If you haven't engaged in "victim thinking" yourself, I'm sure you have heard friends or acquaintances do so. Every one of us no doubt has a story or stories about things that have happened to us where we've felt like a victim or been a victim. Of course, we talk about such things with others. There is nothing wrong with telling someone about what happened. That's one thing.
It's quite another thing to keep living in that victim mentality, however. You can tell the story. Or you can make it your story—and keep telling and retelling so that this is how you see yourself eventually.
Here's what medical anthropologist Alberto Villoldo says about that, "Although the mind resists it, the fact is that, like me, you have a choice between having the life you want or the reasons why you can't. You can luxuriate in joy and peace, or you can continually be burdened by that big black bag full of all the sorrowful incidents and accidents that happened to you in your childhood or last relationship. You can endure your wounds or you can enjoy your glory. You can live the life of a victim, burdened by the traumas of your past, or you can live the life of a hero; but you can't do both."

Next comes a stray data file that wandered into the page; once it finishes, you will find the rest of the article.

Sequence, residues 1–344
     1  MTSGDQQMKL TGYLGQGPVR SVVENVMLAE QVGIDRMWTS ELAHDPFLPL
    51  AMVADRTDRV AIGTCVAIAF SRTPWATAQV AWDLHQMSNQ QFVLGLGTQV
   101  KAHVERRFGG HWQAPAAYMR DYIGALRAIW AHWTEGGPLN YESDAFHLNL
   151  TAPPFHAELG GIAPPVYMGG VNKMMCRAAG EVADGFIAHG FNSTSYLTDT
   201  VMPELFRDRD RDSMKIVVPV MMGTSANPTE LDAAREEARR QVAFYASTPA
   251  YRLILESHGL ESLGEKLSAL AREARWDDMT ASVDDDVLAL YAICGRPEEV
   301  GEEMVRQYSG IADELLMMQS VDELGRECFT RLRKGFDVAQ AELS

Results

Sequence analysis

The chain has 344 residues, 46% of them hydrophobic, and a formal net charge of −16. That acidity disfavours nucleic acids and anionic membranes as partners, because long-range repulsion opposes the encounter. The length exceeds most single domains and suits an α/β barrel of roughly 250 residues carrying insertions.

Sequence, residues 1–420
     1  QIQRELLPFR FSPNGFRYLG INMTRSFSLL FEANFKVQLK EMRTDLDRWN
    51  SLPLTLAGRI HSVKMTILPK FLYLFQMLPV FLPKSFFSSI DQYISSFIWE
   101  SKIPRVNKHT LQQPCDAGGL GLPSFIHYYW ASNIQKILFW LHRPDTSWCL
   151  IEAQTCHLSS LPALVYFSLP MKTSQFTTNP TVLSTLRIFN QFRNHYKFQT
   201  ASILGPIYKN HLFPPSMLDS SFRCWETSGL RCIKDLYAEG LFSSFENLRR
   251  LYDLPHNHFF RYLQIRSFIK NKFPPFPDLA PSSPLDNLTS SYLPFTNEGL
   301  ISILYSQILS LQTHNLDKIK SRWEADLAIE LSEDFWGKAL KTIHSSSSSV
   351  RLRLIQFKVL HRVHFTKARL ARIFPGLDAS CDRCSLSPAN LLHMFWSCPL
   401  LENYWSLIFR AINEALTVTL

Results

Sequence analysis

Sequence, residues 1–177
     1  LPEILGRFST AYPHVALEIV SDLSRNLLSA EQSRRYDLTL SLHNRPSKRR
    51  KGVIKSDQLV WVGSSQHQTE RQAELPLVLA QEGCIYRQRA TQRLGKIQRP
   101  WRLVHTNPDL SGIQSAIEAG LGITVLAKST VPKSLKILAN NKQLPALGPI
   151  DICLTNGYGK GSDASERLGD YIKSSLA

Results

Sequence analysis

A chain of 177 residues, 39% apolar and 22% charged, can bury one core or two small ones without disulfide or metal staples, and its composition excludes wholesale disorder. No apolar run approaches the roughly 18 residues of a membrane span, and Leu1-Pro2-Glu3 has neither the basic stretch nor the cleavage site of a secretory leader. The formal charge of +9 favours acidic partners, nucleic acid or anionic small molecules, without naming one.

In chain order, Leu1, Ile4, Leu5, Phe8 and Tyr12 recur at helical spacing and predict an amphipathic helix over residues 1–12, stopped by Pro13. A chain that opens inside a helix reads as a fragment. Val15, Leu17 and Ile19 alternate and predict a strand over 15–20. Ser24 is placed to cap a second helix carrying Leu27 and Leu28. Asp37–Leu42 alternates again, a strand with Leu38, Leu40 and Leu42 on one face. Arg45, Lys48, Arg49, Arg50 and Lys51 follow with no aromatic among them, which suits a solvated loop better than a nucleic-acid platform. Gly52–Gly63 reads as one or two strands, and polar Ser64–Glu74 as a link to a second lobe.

That's pretty direct. And it's true. You and I do have a choice: Victim or hero? What's it going to be? How will you tell your life story? Where is your focus? You can choose between having the life you want or dwelling on the reasons why you can't have it.
If you'd like to discuss this, I invite you to contact me for a complimentary, no-obligation strategy session.